Farming: Why a switch to focus on growing protein crops won't work in Scotland - Brian Henderson

The development of food and agricultural policy – or the lack thereof – has been pushed up the political agenda over recent weeks.

Most of our land is best suited to meat and dairy farming
Most of our land is best suited to meat and dairy farming

Much of this activity has been led by farming organisations who, it has to be said, seem to be ahead of the game in formulating a strategy to meet the triple demands of food production, climate change mitigation and a stabilisation of biodiversity loss.

For a farmer-led initiative, drawn up by people who know the realities of the industry is likely to get much better backing from the sector than a plan drawn up by desk-bound civil servant – and when you’re wanting to change mindsets which have been focused on production for many decades now onto what is a much broader remit, getting buy-in from the target audience counts for a lot.

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So, having farmers on the front foot in the quest to design the first purely domestic agricultural policy in almost 50 years has to put the sector in a good place.

But it would be a mistake to assume that there won’t be other voices clamouring for attention as the long, protracted process of drawing all the threads together hopefully enters the final furlong.

For, while some of the true nuances of the arguments on climate change (and, in particular, the over-played contribution which it has been claimed enteric methane emissions from livestock make to global warming) are beginning to gain traction, earlier unsophisticated arguments set in the minds of the public – and also, it would appear, in those overseeing policy development – are proving hard to shake.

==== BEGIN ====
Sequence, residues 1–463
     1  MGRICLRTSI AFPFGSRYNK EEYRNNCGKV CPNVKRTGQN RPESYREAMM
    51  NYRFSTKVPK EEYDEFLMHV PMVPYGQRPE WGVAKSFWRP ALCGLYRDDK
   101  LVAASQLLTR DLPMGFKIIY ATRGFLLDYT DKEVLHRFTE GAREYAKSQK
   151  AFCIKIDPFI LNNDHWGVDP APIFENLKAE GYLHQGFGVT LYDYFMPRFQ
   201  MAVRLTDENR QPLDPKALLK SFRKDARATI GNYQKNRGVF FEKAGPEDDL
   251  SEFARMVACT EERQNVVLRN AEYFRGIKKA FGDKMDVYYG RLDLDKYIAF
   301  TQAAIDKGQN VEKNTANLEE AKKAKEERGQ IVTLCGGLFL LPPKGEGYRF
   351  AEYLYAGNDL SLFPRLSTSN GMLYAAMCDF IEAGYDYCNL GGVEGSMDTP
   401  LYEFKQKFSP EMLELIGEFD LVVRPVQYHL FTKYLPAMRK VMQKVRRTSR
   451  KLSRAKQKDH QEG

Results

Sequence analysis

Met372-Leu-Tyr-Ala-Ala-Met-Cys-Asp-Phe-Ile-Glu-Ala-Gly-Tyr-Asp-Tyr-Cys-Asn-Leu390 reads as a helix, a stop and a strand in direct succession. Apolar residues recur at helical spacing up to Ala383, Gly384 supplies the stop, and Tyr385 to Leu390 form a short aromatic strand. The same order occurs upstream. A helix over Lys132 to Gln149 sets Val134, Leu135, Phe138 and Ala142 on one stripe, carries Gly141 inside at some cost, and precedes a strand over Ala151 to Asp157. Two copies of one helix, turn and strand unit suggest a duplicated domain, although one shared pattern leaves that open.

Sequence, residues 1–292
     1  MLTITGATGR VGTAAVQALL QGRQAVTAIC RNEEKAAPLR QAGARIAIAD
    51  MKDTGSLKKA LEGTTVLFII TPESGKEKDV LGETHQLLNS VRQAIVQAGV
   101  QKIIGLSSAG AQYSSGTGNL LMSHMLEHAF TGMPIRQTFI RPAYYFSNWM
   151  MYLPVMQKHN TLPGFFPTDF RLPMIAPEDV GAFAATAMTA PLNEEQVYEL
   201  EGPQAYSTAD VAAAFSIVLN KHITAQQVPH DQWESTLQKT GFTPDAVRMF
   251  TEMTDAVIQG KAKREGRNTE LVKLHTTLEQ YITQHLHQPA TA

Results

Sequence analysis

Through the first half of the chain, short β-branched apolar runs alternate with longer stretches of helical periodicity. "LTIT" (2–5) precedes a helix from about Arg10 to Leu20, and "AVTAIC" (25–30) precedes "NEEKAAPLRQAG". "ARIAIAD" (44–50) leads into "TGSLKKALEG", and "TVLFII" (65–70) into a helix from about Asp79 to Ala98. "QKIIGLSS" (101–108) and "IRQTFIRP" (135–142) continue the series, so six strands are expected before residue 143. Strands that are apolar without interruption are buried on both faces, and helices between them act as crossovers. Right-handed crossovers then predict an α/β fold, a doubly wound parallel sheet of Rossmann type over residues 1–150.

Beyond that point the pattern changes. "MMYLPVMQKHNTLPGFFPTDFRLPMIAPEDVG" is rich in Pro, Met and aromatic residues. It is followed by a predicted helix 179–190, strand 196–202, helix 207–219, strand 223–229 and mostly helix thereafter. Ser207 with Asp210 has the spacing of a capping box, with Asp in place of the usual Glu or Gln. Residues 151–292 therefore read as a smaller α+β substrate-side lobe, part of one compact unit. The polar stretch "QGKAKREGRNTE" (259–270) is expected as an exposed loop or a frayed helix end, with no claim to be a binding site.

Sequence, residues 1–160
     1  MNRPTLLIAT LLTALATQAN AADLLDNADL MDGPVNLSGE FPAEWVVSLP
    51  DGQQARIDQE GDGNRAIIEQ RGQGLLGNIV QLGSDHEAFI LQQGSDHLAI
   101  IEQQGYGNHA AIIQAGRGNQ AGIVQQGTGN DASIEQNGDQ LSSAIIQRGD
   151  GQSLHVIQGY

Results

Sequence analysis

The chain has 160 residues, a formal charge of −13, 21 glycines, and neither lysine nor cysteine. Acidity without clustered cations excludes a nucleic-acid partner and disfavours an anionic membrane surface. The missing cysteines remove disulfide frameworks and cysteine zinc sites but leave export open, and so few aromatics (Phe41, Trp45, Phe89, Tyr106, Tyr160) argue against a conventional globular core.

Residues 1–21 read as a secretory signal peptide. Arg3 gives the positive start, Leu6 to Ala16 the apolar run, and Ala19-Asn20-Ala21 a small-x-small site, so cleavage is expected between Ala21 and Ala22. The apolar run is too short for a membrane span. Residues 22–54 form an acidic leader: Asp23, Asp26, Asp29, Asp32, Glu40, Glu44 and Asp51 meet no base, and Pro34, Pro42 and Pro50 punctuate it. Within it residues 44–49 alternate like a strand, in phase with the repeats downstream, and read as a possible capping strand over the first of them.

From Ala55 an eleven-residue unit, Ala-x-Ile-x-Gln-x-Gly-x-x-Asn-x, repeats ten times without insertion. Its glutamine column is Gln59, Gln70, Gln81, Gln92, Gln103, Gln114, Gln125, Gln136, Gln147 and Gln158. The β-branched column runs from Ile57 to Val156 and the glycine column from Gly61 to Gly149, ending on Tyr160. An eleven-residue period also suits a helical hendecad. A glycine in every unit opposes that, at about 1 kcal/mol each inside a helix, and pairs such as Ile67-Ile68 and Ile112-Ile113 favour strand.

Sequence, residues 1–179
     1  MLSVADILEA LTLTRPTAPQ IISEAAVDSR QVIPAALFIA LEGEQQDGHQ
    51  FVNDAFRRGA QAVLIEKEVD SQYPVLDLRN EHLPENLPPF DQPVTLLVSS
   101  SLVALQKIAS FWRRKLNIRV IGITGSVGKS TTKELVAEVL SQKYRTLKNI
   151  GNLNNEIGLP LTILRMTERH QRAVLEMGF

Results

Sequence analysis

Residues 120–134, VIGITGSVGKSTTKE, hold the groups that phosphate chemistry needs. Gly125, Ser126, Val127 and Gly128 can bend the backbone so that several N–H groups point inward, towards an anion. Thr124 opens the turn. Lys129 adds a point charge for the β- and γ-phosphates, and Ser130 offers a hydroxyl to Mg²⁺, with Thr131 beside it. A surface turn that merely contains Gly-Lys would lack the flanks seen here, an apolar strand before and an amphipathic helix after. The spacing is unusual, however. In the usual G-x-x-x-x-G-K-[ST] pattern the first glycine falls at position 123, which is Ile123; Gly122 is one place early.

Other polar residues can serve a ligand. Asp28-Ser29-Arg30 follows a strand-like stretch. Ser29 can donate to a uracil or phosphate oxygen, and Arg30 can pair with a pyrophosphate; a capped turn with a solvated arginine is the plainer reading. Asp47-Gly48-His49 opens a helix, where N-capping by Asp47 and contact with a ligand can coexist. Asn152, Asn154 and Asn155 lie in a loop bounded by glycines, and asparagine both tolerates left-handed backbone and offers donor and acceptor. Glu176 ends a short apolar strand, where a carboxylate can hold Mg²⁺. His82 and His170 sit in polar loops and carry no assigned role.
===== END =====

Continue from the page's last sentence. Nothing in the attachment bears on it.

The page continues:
And that fact was exemplified in the recommendations included in Scotland’s Climate Assembly report which was published only a few weeks ago.

At the press conference marking its release, it was clear that farming featured fairly heavily in the document, but it was explicitly stated that there was no intention to use the report as a stick with which to beat the industry.

The 81 recommendations included in the report presented to the Scottish Government were drawn up by a 100-storng panel consisting of members from all walks of life selected to be ‘representative of the general populace of Scotland’. Basically the process sees the proverbial man (or woman) on the Clapham (or Sauchiehall Street) omnibus briefed on various aspects of the topic under discussion – and their hopefully better informed opinions noted.

The report recommended that, given the exit from the EU (and the end of the Common Agricultural Policy funding model), the government should work with the farming community to develop a subsidy regime that encouraged farmers to transition to more sustainable land management practices, which should be fully implemented over the next five years.

This could, it claimed, address around a quarter of greenhouse gas emissions in Scotland – and could incentivise the sector to make changes through training, support and funding.

Fair enough, you might think – but the report added: “We also think this is a fair way to support the transition to sustainable practices in agriculture as it would enable a move away from meat and dairy farming, in ways that give farmers time to adapt and diversify their businesses.”

It also suggested that public procurement should refocus on offering home-grown plant proteins. But just how practical would it be to dramatically increase production of plant proteins in Scotland?

Topography, climate and land quality represent the first major hurdles – with less than ten per cent of Scottish agricultural land being suitable for arable crops. And only a tiny fraction of this land is devoted to growing high protein crops such as peas or beans as climatic limitations and the lack of input from breeding companies mean the crops are difficult to both grow and harvest, making them economically risky and unrewarding.

The lack of developed processing facilities and markets are other serious drawbacks.

Taking a wider view, though, the vast majority of Scottish protein comes from grass and forage grown on the 90 per cent of land only suited to such crops which cannot be digested by humans – but which can be converted into human-edible protein by livestock.

And that’s a message which should have been spelled out loud and clear to the Climate Assembly by QMS or whoever was offering specialist advice to the group.

You might say not so much like a case of not being able to see the wood for the trees but perhaps more of not being able to see the protein for the peas…

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